Even though we seem to be living in a constant state of “the best of times, it was the worst of times,” we can do our best to fight against the evil of stolen identities and by educating ourselves on Password Best Practices and petitioning companies to support Two-factor Authentication.

The IT Professional vs. The Deadly Data Breach

IT Professional vs. Deadly Data Breach


The Deadly Data Breach

We know it well, the Deadly Data Breach! So many people have felt the effects of a data breach, and so many companies are scrambling to protect the personal information they have on file. I am sure data breaches are on the minds of every IT professional that has kept up with the most recent breaches. No one goes unscathed by The Deadly Breach: P.F. Changs, Goodwill, Home Depot, and numerous schools.

Home Depot’s recent data breach reaches all the way back to April first of this year. According to Steven Weisman’s blog article, “Important Home Depot Update,” Weisman reports that “along with the credit card numbers and debit card numbers, the hackers also are selling the state and zip code for the particular cards.  This enables the hackers to defeat some fraud detection programs that pick up charges made from areas far from the home of the card holder.” This just covers up and prolongs agencies from discovering a security breach sooner. The Deadly Data Breaches just keep getting more deadly!


The Cost of The Deadly Data Breach

The cost of the deadly data breach doesn’t stop at the yearly budget meeting. There are many different costs when a breach strikes: the cost of private information, the cost of an organization’s reputation, and the actual monetary cost. Target’s data breach cost them $148 million dollars so far, and having more stores than Target, Home Depot will most likely exceed that number. At this moment in time, I do not envy the IT Professional and truly feel for them; thankfully, there are some great resources for IT Professionals. For example, Liisa Thomas’s book, Thomas on Data Breach: A Practical Guide to Handling Data Breach Notifications Worldwide, is a great resource for the IT Professional contending with The Deadly Data Breach.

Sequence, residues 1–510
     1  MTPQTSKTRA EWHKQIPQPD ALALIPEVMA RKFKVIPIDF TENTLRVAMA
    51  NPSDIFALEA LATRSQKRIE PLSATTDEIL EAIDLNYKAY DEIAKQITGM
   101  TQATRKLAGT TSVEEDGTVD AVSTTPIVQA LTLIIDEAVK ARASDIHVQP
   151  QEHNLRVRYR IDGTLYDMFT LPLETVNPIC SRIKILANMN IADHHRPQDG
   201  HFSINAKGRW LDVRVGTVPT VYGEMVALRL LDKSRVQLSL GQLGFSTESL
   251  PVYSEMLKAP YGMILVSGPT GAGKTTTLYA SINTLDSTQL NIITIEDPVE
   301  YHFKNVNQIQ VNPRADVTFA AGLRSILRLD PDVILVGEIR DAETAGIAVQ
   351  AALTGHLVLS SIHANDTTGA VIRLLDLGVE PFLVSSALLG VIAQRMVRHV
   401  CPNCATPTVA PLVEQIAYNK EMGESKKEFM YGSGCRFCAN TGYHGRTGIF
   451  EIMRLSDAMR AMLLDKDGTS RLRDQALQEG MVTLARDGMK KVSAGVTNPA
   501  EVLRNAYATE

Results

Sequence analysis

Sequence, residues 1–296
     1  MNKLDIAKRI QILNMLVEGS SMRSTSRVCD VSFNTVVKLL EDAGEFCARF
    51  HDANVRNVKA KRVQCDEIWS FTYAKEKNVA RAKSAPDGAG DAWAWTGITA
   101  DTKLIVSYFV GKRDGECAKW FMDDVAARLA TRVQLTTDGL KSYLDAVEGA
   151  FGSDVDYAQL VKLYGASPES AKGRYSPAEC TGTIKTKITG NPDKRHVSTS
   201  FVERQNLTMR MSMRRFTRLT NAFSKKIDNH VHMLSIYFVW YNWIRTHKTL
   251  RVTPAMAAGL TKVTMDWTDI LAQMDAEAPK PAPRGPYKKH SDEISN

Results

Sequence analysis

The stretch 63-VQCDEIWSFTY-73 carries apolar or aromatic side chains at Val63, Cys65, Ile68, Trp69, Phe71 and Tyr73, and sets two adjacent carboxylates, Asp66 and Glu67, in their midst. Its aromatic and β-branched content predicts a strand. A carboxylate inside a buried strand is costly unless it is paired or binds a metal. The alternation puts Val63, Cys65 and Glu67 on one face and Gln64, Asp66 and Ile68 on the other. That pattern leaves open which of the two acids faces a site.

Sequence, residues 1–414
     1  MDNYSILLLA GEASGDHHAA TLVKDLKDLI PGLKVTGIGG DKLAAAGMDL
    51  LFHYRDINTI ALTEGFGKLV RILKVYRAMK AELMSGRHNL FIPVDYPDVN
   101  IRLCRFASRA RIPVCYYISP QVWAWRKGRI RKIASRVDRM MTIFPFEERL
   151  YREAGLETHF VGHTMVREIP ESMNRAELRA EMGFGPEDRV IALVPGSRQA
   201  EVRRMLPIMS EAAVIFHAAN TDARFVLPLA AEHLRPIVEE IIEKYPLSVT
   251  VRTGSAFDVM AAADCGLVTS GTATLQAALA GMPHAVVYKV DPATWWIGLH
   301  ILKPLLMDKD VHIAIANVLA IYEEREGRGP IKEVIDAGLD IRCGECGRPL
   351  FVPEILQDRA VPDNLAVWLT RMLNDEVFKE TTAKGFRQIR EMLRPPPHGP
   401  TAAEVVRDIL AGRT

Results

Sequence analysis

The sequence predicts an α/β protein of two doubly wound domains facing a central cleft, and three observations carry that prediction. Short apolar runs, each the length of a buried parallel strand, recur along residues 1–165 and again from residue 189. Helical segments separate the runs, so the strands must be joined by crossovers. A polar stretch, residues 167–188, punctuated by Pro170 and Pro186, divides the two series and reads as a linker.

What Can Anyone Do?

There are many things that both the IT Professionals and the end users may do to proactively protect themselves from having their identity stolen. In reference to the Home Depot breach, Weisman gives practical tips on protecting yourself from identity theft. Weisman’s blog Scamicide is a great resource on daily technical news and practical tips to protect against hacktivists.


  • Password Best Practices: These are a great place for the IT Professional to start in their fight against the Deadly Data Breach. Password Best Practices are common sense protocols for passwords and a great place to start creating a healthy password environment for your organization. PennState has a great article on Password Best Practices that I found very helpful.


  • Speak Up: For the end user, there is a great website that was featured in the NYTimes that has a list of applications supporting two-factor authentication. The end user is also able to send a request to their favorite website/application requesting that they support two-factor.



We are in an age where logins are a part of life and the gateway to private and confidential data. As the tsunami of data breaches continues to destroy and damage the cyber world, it is time to look towards stronger authentication to reduce the impact on organizations worldwide.

Press Release: Get the Level of Identity Management Your Campus NEEDS for Office 365



BEDFORD, NH– (Marketwire – June 25, 2014) – Today, PistolStar, Inc. announced the integration of its PortalGuard product with Office 365. This integration will give administrators the power to choose the level of convenience and security they desire for their students and faculty while accessing Office 365, including: